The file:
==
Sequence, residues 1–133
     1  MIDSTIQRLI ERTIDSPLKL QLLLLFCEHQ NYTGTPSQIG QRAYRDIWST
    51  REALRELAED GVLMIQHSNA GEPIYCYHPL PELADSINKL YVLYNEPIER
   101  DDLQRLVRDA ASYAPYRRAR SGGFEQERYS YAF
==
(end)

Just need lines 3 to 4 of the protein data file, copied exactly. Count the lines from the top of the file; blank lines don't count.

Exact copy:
    51  REALRELAED GVLMIQHSNA GEPIYCYHPL PELADSINKL YVLYNEPIER
   101  DDLQRLVRDA ASYAPYRRAR SGGFEQERYS YAF